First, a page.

Birth Control - Contraceptive Ring

This is a flexible, clear ring that is inserted into the vagina. When in place it releases two hormones to prevent pregnancy.




This is a flexible, clear ring that is inserted into the vagina. When in place it releases two hormones to prevent pregnancy.



A contraceptive ring is a flexible, clear ring that is inserted into the vagina. When in place it releases two hormones (estrogen and progestin) to prevent pregnancy.

  • NuvaRing is the only contraceptive ring that is approved by the Food and Drug Administration (FDA).
  • A woman inserts the ring into her vagina once a month. It is left in place for three weeks out of the month.

A contraceptive ring prevents pregnancy by:

  • Suppressing the release of an egg from the ovaries
  • Making the mucus around the cervix thicker, which stops the sperm from entering the uterus and fertilizing an egg

Your healthcare provider may recommend this type of birth control if you:

  • Do not want to have to remember to take a pill every day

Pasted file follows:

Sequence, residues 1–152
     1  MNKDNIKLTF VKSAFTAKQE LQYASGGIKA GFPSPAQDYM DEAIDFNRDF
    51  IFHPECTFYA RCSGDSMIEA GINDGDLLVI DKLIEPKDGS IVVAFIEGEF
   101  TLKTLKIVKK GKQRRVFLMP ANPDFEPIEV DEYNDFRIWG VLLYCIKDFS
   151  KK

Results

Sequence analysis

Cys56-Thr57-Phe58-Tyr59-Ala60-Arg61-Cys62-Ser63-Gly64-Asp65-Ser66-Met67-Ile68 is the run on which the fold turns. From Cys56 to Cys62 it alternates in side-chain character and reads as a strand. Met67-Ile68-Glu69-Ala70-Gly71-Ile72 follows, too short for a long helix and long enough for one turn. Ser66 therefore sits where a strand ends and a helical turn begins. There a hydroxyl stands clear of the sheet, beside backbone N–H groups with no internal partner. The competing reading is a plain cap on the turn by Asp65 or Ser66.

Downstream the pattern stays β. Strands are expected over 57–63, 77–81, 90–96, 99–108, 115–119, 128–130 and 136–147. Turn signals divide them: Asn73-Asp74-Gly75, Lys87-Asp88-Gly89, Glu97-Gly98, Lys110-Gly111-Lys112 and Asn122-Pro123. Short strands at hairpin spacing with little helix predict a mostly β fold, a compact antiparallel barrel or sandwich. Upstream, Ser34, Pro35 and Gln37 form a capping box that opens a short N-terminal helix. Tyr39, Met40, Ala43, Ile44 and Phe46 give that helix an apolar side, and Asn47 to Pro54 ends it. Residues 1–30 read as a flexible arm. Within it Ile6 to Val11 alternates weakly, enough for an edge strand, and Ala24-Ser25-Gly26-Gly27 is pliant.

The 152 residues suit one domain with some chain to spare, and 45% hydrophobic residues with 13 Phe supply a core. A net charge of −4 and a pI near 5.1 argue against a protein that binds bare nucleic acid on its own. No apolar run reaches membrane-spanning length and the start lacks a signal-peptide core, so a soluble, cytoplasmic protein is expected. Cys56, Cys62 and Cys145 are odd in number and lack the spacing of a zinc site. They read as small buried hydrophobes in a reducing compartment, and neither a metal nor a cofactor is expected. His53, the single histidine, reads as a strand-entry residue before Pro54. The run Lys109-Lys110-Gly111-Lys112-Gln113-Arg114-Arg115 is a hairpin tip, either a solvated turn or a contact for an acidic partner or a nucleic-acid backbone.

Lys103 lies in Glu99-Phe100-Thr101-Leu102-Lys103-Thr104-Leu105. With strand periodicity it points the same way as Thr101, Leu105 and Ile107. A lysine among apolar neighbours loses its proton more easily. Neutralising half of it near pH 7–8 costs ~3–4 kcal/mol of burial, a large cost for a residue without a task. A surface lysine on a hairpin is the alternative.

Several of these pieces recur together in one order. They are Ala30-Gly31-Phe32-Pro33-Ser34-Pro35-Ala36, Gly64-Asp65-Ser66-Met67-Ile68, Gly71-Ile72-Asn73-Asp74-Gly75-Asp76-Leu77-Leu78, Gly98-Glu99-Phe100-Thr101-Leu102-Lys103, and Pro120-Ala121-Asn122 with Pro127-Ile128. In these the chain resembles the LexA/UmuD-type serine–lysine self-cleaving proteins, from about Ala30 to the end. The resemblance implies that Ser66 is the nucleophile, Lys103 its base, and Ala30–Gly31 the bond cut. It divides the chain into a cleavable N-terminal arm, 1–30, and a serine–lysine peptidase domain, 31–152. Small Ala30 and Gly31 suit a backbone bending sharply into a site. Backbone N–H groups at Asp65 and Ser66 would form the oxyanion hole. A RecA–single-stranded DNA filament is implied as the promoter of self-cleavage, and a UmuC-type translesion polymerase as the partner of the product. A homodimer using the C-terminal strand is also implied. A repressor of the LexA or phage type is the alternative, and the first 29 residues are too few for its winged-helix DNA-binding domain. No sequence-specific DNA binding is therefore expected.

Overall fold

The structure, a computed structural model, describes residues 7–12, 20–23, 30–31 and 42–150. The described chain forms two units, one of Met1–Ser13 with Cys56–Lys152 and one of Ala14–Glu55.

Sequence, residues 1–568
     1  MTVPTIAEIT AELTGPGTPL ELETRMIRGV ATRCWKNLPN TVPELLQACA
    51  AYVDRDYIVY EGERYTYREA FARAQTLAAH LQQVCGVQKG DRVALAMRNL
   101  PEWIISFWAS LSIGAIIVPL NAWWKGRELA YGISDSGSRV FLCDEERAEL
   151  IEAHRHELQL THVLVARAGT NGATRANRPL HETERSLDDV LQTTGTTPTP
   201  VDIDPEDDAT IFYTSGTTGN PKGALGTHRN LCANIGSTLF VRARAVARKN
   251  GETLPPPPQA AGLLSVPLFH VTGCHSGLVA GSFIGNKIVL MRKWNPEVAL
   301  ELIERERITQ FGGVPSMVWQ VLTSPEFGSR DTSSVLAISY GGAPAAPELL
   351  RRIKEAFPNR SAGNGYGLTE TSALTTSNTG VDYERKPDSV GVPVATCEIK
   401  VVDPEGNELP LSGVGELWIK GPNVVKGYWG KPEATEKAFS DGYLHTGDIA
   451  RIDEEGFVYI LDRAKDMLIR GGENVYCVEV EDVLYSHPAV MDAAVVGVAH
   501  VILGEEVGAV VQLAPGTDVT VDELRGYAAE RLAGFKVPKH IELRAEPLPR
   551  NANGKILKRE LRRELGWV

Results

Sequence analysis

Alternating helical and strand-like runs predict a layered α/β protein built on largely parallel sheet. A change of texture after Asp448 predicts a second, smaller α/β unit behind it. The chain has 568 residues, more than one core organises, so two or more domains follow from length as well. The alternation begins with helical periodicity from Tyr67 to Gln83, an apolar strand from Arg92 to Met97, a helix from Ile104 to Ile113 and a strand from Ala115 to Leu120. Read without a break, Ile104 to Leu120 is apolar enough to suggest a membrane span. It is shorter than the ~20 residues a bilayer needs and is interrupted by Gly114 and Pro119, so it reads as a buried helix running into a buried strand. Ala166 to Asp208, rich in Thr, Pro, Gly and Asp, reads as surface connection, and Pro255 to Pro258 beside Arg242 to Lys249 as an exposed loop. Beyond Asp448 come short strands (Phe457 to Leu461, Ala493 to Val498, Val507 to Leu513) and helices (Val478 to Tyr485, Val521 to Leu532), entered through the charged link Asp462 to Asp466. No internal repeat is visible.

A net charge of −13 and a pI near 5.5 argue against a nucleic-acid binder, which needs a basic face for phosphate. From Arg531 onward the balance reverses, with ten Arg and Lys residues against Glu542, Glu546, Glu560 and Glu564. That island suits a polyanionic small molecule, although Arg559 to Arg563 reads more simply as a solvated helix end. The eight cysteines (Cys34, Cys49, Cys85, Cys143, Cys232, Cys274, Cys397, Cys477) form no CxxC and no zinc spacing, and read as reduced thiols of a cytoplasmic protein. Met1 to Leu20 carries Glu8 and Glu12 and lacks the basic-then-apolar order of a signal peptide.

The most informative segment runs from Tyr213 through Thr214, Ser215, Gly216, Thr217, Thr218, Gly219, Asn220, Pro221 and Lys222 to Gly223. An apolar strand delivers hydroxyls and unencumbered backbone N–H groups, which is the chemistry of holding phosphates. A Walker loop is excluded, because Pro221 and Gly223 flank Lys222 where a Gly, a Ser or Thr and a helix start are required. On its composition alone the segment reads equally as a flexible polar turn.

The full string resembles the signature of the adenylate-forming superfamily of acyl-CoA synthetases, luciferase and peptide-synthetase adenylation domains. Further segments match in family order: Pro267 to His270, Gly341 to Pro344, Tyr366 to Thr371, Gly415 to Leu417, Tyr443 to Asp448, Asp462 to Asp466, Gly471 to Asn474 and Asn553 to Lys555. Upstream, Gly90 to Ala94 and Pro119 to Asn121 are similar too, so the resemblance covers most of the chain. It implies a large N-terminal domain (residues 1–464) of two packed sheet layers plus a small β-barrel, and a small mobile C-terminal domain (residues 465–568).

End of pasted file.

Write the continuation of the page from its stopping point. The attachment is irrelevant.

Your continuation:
• Want a method of birth control that is quickly reversible
  • Want to reduce the risks of side effects by receiving a lower dose of hormones
  • Want a method of birth control that is not as likely to cause weight gain or irregular bleeding

A contraceptive ring may not be recommended if you:

  • Are having major surgery and will be inactive for a long period of time
  • Are breast-feeding or are older than 35 and smoke
  • Have an allergy to any of the ingredients in the ring
  • Have a history of toxic shock syndrome or vaginal irritation
  • Have a history of blood clots, certain cancers, or liver disease
  • Have a history of a heart attack, stroke, migraines, high blood pressure, or unexplained vaginal bleeding

It is important to remember that a contraceptive ring does not protect against any STDs. If you are not in a committed relationship with a single partner, you should practice safe sex and use a condom during any sexual contact.

Make an appointment with your healthcare provider to discuss your birth control options. If you decide to use a contraceptive ring, ask your healthcare provider the following questions.

  • What are the benefits and risks of using a contraceptive ring?
  • How does a contraceptive ring compare with other types of birth control?
  • What symptoms are normal while using the contraceptive ring? When should I be concerned?
  • What should I do if the ring falls out? When should I reinsert it? When should I insert a new ring?
  • When do I need to use a back-up method of birth control?

Source UHC.com

Also known as:

Birth Control - Contraceptive Ring
Family Planning
Progestin
Contraception
Birth Control
Nuva-Ring
Contraceptive Ring
Estrogen


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